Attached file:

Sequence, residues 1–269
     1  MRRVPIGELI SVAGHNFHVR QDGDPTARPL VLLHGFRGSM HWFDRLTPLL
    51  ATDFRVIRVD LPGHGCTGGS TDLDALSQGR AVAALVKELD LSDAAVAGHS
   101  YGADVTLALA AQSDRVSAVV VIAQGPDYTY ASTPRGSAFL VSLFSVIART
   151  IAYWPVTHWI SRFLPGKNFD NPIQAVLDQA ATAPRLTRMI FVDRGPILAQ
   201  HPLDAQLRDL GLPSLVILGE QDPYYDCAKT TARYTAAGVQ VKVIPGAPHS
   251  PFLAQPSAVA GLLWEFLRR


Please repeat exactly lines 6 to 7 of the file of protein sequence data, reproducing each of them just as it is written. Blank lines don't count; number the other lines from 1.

   201  HPLDAQLRDL GLPSLVILGE QDPYYDCAKT TARYTAAGVQ VKVIPGAPHS
   251  PFLAQPSAVA GLLWEFLRR